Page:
I'm being cared for by:
Animal Loving Friends
Facts about Tuck
- Breed: Domestic Shorthair
- Color: Black & White Or Tuxedo
- Age: Adult
- Sex: Male
- Hair: Short
My name is Tuck!
I am already neutered, a special needs pet, up to date with shots, good with dogs, and good with cats.
Tuck is now with Pawsitively Cats, a no-kill rescue in Tucson. Contact Pawsitively Cats online at http://pawsitivelycats.org/.
Tuck arrived at a feral colony in May, drawn to the steady supply of food and fresh water provided by ALF volunteers. Before long he let us know that he's a tame cat, so we brought him in for placement. Tuck is SO happy to be off the streets, living safely inside again. He's likely another victim of loss of housing, and was left behind to fend for himself. No "Found Cat" ads have been answered, and Tuck does not have a microchip.
He is, however, already neutered, and quite the lover boy! Very gentle, and got along quite well with the cats in his colony. He's also unconcerned with the other dogs, cats, and people at Petco where he was tested and vaccinated.
Tuck is about 3 years old, and in good health, just waiting for that special someone to give him a promise of unconditional love. Someone who won't move away and leave him behind. Who will keep him safely inside at all times, and commit to him through any changes that life brings about.
He tested negative for Heartworm and Feline Leukemia, but does show a positive on initial FIV testing, though Tuck shows absolutely NO symptoms of this condition. This is possible if he was vaccinated against FIV at some point in the past, but without an owner coming forward to provide his medical history, there's no way to know if it's due to a prior vaccination. A more in-depth Western Blot test can be performed by most vets. This is not required.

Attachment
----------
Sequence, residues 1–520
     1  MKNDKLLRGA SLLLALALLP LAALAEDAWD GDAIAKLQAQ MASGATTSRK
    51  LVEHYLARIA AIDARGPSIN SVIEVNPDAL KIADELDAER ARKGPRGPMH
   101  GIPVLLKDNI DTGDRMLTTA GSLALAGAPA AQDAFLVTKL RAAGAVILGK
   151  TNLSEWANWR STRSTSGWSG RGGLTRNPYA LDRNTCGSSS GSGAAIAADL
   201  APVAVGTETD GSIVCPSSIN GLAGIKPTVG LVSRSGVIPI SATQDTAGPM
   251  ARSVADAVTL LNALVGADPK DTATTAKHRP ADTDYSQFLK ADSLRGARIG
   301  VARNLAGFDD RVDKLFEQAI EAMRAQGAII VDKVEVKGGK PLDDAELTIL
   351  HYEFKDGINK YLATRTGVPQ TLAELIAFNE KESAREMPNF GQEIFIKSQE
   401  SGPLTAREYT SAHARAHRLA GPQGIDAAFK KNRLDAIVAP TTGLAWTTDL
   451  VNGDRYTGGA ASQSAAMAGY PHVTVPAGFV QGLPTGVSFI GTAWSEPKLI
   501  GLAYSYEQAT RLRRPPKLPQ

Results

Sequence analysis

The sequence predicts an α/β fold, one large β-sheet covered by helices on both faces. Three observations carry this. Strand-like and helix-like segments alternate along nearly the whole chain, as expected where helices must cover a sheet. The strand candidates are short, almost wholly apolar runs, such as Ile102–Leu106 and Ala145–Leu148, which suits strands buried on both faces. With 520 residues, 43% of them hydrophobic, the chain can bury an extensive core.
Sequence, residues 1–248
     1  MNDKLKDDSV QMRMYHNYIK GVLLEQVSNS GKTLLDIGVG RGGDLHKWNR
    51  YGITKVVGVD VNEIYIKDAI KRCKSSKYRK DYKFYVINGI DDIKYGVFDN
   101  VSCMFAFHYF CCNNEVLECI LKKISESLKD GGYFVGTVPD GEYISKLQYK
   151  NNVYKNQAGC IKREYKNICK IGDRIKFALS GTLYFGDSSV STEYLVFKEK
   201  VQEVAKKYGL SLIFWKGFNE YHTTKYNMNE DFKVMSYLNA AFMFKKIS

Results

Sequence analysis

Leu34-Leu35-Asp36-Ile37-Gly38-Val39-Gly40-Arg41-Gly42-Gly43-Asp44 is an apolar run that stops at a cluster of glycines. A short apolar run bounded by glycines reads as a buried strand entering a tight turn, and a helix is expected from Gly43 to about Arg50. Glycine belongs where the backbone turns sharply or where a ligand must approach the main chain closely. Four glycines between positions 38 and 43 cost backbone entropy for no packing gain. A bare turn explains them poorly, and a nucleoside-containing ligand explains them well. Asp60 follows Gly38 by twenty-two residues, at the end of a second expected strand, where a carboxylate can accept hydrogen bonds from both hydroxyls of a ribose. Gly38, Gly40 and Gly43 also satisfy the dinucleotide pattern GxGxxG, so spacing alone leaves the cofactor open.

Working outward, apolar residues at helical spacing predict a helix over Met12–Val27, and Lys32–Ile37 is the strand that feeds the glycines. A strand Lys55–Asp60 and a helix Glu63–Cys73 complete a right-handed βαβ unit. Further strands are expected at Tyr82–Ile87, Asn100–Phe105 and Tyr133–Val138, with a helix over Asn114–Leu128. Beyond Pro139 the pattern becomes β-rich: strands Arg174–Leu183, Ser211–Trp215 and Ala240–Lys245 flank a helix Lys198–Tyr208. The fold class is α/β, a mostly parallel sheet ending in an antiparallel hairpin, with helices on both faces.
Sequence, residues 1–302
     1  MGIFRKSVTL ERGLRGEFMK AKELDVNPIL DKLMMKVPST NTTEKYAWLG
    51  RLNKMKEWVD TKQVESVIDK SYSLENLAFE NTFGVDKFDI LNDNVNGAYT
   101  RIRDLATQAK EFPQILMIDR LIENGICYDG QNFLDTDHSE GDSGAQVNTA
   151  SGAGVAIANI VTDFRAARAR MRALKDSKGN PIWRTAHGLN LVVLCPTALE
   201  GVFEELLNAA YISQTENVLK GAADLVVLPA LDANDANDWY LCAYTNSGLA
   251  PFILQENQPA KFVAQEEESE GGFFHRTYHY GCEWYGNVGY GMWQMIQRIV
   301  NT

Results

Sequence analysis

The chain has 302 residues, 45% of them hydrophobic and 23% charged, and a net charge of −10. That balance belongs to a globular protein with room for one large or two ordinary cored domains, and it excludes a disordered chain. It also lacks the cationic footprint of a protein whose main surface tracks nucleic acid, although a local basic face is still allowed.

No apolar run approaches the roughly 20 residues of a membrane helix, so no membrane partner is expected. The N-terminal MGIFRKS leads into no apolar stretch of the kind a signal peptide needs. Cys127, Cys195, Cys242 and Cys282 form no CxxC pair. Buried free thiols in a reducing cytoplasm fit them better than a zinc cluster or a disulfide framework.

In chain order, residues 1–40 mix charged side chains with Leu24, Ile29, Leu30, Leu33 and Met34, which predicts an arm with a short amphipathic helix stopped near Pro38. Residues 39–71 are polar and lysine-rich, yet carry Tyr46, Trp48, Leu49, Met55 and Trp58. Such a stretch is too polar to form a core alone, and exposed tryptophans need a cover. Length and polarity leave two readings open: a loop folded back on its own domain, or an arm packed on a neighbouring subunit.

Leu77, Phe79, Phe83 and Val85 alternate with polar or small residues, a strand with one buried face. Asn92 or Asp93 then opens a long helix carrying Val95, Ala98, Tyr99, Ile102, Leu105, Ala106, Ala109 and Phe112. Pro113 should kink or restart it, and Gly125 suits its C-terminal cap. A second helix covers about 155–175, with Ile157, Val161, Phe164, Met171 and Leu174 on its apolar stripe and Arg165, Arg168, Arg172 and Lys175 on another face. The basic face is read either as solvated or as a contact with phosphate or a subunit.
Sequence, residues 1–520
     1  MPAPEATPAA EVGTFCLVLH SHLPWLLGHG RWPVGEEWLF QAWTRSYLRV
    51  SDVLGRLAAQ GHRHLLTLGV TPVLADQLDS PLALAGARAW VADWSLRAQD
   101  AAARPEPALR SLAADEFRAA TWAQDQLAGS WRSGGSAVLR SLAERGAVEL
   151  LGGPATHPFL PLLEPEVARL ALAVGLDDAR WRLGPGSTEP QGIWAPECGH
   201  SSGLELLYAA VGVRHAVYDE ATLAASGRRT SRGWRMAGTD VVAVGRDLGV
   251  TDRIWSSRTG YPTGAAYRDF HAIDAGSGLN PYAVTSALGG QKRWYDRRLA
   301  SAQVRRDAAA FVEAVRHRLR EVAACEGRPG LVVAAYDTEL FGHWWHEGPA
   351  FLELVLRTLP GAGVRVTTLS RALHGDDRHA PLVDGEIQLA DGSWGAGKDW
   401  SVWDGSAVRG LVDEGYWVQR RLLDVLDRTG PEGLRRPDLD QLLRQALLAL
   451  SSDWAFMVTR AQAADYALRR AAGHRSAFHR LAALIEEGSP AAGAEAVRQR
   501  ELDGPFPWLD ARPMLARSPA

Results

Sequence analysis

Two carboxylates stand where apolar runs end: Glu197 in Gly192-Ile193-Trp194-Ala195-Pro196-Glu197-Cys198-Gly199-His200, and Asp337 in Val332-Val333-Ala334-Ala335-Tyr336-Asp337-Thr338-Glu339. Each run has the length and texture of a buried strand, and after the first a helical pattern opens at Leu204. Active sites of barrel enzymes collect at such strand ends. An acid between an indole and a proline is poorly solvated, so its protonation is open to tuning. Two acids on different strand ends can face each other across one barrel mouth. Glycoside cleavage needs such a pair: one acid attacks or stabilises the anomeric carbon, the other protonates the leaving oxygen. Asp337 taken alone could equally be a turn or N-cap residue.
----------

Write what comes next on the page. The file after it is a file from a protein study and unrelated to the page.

Cats with FIV can live long and healthy lives, and the disease may never become active. They should be fed a high-quality diet to support a healthy immune system.
They should be inside-only cats. They can live with other cats who are also positive, or with docile cats where there is no fighting. FIV is spread through sex (which he won't be having), and deep, penetrating bite wounds. These types of wounds typically occur with territorial fighting between unneutered tomcats. FIV is not spread through any type of casual contact, like sharing litter pans and food or water, or even grooming each other and playing.
More information can be found at http://www.bestfriends.org/theanimals/petcare/cats_fiv.cfm.
Please submit an online adoption application if you would like to meet Tuck. If you are unable to adopt at this time, please consider making a donation to help us continue to care for cats such as this one. We do not recover any costs associated with spaying and neutering, and often treating illness or injury, and the lifelong feeding of many other cats who are not as lucky as this one. Click here to make a donation to ALF. Thank you for your interest in helping homeless animals.